The Participation Trophy Debate

Is a Participation Trophy a way of motivating children — or devaluing achievement?

Over the last couple of decades, we’ve seen the emergence of a modern trend that emphasizes positive reinforcement in sports. The result? Kids in many activities have begun bringing home awards, trophies and ribbons simply for participating in an activity or on a team. Is rewarding a child for simply showing up sending the wrong message — or is it a team-building and esteem-building tool?

By Jillian Chamberlain

The great Participation Trophy Debate received renewed attention last month when James Harrison, a professional NFL player for the Pittsburg Steelers, posted a photo on his Instagram account stating that he was going to have his two sons return the participation trophies that they had received. Harrison had the following to say in his Instagram comment:

The post garnered scorn from trophy supporters, who argue that participation trophies remind young kids that they are part of something, and they may help build enthusiasm so the kids will return for another season. The trophies, some feel, are along the lines of the team T-shirt and car magnet — a pleasant reminder (especially during the off-season) of time well-spent.

Others argue that there are different ways of accomplishing camaraderie, while still awarding only excellence or unique achievements like, say, most improved player. Team pizza parties and post-game gatherings can be held to honor the team for their collective accomplishment. Such gatherings remind kids that their effort is valued, regardless of ability or results.

Rewarding children for for their participation and effort certainly is important — just think how you’d feel if your boss didn’t care whether or not you showed up to work or, worse, how hard you tried to do well at your job. But should everyone get an actual trophy? Or should certain awards be reserved only for those who are exceptional? Or are physical trophies and awards not necessary (or desirable) at all?

To be sure, many coaches, instructors and teachers have strong opinions on the subject. And many parents take matters into their own hands, as Harrison did, if they disagree.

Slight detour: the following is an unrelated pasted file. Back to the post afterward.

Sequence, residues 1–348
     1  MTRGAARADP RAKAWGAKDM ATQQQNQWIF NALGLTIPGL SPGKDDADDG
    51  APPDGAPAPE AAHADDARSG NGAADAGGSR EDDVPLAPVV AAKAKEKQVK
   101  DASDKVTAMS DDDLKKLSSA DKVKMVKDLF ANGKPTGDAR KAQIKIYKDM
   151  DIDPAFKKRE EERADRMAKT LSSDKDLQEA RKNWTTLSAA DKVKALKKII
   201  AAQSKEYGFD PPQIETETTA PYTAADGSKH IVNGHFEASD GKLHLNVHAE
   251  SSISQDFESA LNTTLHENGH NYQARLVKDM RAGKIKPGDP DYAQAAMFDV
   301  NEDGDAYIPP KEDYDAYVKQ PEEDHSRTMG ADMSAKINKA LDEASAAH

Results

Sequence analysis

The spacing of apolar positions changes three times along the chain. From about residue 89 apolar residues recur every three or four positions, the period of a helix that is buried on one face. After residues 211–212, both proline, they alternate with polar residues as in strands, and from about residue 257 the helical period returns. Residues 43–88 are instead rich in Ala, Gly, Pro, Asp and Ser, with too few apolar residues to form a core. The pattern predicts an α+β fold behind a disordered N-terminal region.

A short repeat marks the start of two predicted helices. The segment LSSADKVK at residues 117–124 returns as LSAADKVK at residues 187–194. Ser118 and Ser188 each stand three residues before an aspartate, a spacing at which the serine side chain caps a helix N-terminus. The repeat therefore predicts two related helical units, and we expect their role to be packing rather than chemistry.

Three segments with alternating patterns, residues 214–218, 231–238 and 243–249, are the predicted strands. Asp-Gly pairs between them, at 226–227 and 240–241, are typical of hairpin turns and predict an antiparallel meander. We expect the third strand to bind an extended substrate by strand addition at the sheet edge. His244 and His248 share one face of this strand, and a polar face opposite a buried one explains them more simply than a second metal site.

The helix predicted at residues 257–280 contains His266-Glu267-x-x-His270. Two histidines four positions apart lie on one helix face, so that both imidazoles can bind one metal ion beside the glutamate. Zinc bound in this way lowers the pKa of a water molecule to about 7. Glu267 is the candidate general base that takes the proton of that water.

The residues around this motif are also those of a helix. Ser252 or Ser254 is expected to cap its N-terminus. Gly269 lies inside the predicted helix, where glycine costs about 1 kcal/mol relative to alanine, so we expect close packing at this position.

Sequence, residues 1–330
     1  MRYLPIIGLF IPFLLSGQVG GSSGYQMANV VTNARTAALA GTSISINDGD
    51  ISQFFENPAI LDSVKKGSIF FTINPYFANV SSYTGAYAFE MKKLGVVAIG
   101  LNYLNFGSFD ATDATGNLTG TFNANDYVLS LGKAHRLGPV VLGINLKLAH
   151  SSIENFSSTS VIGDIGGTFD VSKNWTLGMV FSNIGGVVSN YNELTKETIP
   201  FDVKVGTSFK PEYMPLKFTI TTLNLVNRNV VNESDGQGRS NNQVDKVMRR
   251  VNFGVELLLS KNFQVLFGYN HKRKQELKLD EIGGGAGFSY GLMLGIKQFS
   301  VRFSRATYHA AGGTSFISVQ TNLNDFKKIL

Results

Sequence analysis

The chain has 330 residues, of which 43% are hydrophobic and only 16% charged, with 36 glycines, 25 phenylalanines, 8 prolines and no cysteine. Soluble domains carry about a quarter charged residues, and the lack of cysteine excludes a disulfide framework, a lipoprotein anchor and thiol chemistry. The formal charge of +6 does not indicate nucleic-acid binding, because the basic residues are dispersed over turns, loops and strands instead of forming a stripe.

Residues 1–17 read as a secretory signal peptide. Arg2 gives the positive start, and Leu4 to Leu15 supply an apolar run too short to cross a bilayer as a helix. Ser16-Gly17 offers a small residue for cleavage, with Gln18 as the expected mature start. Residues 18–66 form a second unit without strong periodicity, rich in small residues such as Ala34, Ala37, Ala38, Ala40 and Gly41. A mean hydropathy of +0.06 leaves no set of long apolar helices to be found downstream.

One thing, though, that almost everyone can agree on — kids deserve to stretch their legs and their minds, to enjoy more friend-time and less screen-time, and to find a fun activity or two to rejuvenate them. Help your child find a class or activity that they are passionate about: Check out the thousands of activity listings that we have in your area!  If you like, you can give yourself a gold star for checking us out — or not. It’s really up to you!

5 replies on “The Participation Trophy Debate”

I struggle with what to do with the trophies months (years) later. In our baseball league, we usually have a pizza party & the coach says something nice to each kid & gives them a trophy. That part is really nice, I don’t really have a problem with it. It’s the dusty shelf of old trophies (and/or upset when I try to clear it off) that I find challenging.

I think the participation trophy syndrome is , in my opinion, a problem for kids down the road. I really wish we could draw a line for those obstacles that were surpassed, or challenges that were met/exceeded, or goals that were met/exceeded, that were REALLY worth a trophy. Just participating?? There is much to be said for experiencing disappointment, and understand what that REALLY felt like. AND, there’s an incredible feeling that a kid has when he/she REALLY accomplishes something big. Wouldn’t we want our kids experiencing this, to help them tackle the bigger things in life?

I don’t think I’m a fan of participation trophies, but I am a fan of participation prizes. I think a trophy is a symbol that loses it’s meaning if everyone gets it, but if participants get a prize different than the prize for winning it’s the best of both worlds. Some hobby games do a great job of this. All participants get a prize for attending an event, and a different prize each event encourages attendance each event. A better prize is given to the winner, so they still get the satisfaction of winning.

Participation certificate makes a lot of sense to me. You want to encourage the kids to participate. But trophies is going the other extreme. You are giving them a message that just by participating and without putting in any effort, you can win a trophy. I can see kids going around participating without putting in any effort, just to collect trophies. The meaning of trophies, working hard, putting in your best, is completely lost!

It depends on how old you are. For younger kids, it’s fun when everyone gets something for participating. Older kids get excited about being more competitive.

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